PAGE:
The Ninth State: New Hampshire's Formative Years

By Lynn Warren Turner | Go to book overview

CHAPTER 12

DEMOCRACY TRIUMPHANT

Themistocles, when desired at a feast to touch a lute, said he could not fiddle, but he knew how to make a small town a great city. Mr. Jefferson can fiddle ... but he cannot make a number of small states a great nation. —Jeremiah Smith

During the first five years of the nineteenth century, New Hampshire underwent a political revolution. 1 The Republican forces, which had been in full and ignominious retreat in 1799, suddenly counterattacked and, one after another, captured all of their enemies' strongholds. After John Langdon's return to New Hampshire the battle took on new vigor, with an occasional Federalist rally, but with a Republican boldness that assured ultimate success. Finally, in 1805, Jefferson's followers raised their triumphant banner over the highest battlement.

The president's "destruction" of the internal revenue system, the army, the navy and the new judiciary may actually have raised, in the mind of the average voter, a slight degree of that apprehension which disoriented the Federalist Cassandras. The Republicans lost ground in New Hampshire in 1803. Langdon had assured Jefferson that the Federalists "sicken at the sight of our prosperity" and had promised great things, but his time was not yet come. 2 Gilman gained more new votes than did Langdon and was reelected by a greater majority than in 1802. 3 Both branches of the legislature remained in the hands of the Federalists, who determined upon a short and innocuous session in June. This Republican setback followed a disastrous fire that swept through Portsmouth one night in December 1802, consuming 114 buildings and causing damage estimated at $200,000. 4 With macabre humor, Jeremiah Smith ascribed the tragedy to the vengeance of a righteous God upon the Sodom of Jacobinism, but the effect of his joke was spoiled by the fact that the fire broke out early on a Sabbath morning in the New Hampshire Bank building. 5 At any rate, the Republican Congress in Washington sympathized with the sufferers and appropriated funds for their relief.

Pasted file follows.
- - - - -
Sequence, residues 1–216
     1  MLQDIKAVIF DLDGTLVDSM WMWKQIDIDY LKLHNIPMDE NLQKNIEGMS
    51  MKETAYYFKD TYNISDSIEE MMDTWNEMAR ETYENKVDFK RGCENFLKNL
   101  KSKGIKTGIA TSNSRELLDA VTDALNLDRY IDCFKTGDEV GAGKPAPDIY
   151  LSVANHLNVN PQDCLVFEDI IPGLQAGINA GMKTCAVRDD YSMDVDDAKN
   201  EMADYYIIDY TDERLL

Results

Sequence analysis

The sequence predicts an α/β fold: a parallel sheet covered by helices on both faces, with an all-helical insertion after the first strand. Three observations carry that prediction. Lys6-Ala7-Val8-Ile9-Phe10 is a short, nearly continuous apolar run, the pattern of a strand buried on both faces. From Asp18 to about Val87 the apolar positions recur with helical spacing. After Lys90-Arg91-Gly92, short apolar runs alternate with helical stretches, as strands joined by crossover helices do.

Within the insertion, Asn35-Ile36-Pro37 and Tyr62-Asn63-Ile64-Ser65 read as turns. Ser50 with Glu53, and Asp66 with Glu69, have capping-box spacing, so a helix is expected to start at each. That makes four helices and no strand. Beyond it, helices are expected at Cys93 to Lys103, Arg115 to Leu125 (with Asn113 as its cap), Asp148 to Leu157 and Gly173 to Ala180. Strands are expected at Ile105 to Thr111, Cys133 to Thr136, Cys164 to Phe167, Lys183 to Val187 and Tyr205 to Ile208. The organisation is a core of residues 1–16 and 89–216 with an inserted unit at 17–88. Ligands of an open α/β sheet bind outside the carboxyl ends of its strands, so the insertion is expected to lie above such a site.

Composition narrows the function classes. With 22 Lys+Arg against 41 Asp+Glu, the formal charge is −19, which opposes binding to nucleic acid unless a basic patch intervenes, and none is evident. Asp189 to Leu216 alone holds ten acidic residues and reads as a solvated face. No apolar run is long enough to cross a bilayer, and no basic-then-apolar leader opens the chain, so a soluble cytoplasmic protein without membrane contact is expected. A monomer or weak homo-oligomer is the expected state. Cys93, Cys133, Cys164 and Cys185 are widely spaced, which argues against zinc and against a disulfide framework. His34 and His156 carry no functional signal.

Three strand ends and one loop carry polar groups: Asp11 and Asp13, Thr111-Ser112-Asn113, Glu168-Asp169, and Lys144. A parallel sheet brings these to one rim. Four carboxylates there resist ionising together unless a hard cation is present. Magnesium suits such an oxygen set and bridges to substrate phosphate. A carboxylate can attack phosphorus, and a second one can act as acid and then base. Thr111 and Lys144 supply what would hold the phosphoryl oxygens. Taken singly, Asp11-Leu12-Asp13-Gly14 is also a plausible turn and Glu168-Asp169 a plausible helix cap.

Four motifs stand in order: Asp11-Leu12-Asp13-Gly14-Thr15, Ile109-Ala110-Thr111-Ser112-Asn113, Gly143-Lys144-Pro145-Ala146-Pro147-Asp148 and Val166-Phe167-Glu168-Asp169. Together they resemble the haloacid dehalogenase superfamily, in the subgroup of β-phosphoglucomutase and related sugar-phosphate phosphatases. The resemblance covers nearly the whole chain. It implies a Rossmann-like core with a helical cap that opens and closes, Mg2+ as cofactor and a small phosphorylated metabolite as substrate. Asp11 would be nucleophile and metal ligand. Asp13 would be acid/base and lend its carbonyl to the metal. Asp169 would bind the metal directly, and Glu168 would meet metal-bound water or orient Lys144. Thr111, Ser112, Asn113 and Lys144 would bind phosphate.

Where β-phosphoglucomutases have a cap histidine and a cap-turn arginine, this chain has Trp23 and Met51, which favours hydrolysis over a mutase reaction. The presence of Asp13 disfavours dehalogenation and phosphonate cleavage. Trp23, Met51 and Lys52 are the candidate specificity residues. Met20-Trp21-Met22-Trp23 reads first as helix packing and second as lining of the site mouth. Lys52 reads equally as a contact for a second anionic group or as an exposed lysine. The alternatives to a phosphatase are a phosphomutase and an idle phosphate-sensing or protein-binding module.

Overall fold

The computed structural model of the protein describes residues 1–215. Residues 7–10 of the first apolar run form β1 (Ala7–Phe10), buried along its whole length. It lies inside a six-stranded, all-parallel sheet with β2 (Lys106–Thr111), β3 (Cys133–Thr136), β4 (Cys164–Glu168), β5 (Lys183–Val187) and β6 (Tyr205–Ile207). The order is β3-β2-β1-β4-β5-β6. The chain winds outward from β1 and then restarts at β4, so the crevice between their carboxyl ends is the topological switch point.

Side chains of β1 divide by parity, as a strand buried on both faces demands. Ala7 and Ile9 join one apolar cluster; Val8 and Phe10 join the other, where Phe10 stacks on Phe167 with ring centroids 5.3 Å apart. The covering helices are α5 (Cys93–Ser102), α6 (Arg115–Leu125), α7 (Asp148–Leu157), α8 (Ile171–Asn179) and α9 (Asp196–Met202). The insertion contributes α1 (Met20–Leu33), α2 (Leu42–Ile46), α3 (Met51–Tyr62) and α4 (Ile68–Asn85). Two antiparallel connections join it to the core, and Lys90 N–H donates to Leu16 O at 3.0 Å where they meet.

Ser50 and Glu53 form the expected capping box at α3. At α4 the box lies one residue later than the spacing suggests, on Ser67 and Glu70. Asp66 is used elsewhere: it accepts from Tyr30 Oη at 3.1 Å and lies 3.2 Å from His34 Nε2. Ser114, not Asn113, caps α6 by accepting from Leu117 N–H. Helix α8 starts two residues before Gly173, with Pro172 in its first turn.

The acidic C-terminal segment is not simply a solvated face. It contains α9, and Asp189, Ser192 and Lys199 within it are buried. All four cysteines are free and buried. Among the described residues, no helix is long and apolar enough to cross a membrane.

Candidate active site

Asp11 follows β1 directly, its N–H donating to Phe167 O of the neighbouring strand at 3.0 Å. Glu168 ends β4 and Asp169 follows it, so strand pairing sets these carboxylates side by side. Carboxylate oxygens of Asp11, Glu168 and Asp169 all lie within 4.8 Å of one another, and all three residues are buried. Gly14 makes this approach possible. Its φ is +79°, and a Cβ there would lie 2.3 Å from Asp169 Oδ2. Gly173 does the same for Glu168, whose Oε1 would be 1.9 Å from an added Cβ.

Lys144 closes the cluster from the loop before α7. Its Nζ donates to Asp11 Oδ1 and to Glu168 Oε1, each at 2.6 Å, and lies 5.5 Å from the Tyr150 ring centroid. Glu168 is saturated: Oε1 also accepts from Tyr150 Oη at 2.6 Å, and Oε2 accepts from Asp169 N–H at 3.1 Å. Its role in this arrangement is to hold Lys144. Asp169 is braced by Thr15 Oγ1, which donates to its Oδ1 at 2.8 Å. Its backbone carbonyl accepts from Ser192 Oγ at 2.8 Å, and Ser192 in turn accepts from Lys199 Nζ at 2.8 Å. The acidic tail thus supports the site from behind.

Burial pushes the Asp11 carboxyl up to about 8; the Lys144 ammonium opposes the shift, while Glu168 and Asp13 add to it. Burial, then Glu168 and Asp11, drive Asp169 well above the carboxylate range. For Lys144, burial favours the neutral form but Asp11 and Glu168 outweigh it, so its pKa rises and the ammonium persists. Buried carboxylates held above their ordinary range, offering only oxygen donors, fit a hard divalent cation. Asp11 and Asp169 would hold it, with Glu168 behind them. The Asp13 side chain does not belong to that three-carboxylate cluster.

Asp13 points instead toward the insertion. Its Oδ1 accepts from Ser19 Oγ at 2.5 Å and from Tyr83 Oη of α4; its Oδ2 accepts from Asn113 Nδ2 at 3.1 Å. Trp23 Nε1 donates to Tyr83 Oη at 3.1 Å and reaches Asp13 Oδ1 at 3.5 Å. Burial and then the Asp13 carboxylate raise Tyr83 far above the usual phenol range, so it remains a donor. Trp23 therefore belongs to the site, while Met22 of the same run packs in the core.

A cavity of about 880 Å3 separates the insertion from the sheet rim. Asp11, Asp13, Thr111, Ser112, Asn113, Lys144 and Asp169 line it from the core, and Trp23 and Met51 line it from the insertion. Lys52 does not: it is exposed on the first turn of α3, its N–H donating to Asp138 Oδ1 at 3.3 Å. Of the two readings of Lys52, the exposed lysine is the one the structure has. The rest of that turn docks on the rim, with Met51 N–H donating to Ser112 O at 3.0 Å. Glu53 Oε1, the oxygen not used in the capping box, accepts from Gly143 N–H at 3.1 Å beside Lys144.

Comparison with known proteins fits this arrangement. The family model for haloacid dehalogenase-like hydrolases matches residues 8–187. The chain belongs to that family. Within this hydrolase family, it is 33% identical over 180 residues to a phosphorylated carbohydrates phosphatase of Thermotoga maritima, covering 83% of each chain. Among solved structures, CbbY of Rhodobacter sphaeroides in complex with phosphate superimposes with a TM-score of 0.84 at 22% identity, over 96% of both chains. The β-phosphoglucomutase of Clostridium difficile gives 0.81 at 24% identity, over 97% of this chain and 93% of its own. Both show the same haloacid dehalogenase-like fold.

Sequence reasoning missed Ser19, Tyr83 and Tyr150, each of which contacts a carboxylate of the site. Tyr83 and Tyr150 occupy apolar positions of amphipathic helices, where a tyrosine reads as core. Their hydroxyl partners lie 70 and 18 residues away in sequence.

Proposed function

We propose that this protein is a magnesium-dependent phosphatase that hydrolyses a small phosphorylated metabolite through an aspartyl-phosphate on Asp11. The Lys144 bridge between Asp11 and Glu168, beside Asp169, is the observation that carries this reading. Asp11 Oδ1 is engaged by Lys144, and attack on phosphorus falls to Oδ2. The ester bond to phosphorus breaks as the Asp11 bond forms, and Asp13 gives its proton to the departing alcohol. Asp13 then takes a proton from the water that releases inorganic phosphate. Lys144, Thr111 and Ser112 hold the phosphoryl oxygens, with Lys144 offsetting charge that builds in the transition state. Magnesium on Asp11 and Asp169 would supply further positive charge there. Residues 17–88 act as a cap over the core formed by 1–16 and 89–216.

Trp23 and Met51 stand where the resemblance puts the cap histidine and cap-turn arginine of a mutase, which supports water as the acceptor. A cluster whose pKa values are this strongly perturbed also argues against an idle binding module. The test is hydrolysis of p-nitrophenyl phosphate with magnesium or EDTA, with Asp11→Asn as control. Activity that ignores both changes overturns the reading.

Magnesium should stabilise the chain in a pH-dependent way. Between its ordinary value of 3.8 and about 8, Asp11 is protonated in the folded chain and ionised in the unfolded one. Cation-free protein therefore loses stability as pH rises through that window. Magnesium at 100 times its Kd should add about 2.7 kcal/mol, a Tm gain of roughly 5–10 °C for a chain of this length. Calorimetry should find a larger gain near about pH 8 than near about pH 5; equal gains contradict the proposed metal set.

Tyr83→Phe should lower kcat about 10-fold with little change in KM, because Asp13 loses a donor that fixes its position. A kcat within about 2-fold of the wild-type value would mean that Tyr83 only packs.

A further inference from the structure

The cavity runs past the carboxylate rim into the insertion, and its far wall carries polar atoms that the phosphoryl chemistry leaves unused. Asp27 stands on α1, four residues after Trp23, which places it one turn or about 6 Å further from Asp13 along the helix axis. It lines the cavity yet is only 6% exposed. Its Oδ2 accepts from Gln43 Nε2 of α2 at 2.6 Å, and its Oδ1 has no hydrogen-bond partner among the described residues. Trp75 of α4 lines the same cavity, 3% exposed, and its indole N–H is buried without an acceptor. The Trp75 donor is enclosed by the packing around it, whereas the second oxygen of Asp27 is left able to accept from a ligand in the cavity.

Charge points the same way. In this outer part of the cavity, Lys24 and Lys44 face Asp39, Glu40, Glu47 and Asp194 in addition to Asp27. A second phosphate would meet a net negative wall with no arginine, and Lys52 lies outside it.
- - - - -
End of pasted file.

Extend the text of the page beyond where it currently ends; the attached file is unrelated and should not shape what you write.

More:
In spite of this generosity, Federalists viewed every act of the national government with gloomy suspicion. William Plumer, the new senator, though charmed by President Jefferson's gracious hospitality, declared that "almost every new measure he recommends, recalls to my view Ezekiel's vision, & the declaration made to him by the angel—Turn, & thou shall behold yet greater abominations." 6 High on the list of these

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The Ninth State: New Hampshire's Formative Years
Table of contents

Table of contents

  • The Ninth State - New Hampshire's Formative Years *
  • Contents *
  • Foreword *
  • Preface *
  • Chapter 1 - Revolutionary New Hampshire *
  • Chapter 2 - Constitution Making *
  • Chapter 3 - Peace and Depression *
  • Chapter 4 - Personal Politics *
  • Chapter 5 - A Fragment of Social History *
  • Chapter 6 - In the Federal Union *
  • Chapter 7 - Constitutional Revision *
  • Chapter 8 - The Rise of Parties *
  • Chapter 9 - Federalists and Republicans *
  • Chapter 10 - Federalist Decline *
  • Chapter 11 - The Old Order Yieldeth *
  • Chapter 12 - Democracy Triumphant *
  • Chapter 13 - Federalist Collapse *
  • Chapter 14 - Blockade and Embargo *
  • Chapter 15 - Drifting Toward War *
  • Chapter 16 - In the War with England *
  • Chapter 17 - The Indian Summer of Federalism *
  • Chapter 18 - Peace Abroad: War at Home *
  • Chapter 19 - Tribulations *
  • Chapter 20 - The Demise of Federalism *
  • Chapter 21 - Reform and Freedom *
  • Appendix - Maps and Explanations *
  • Notes *
  • Index *
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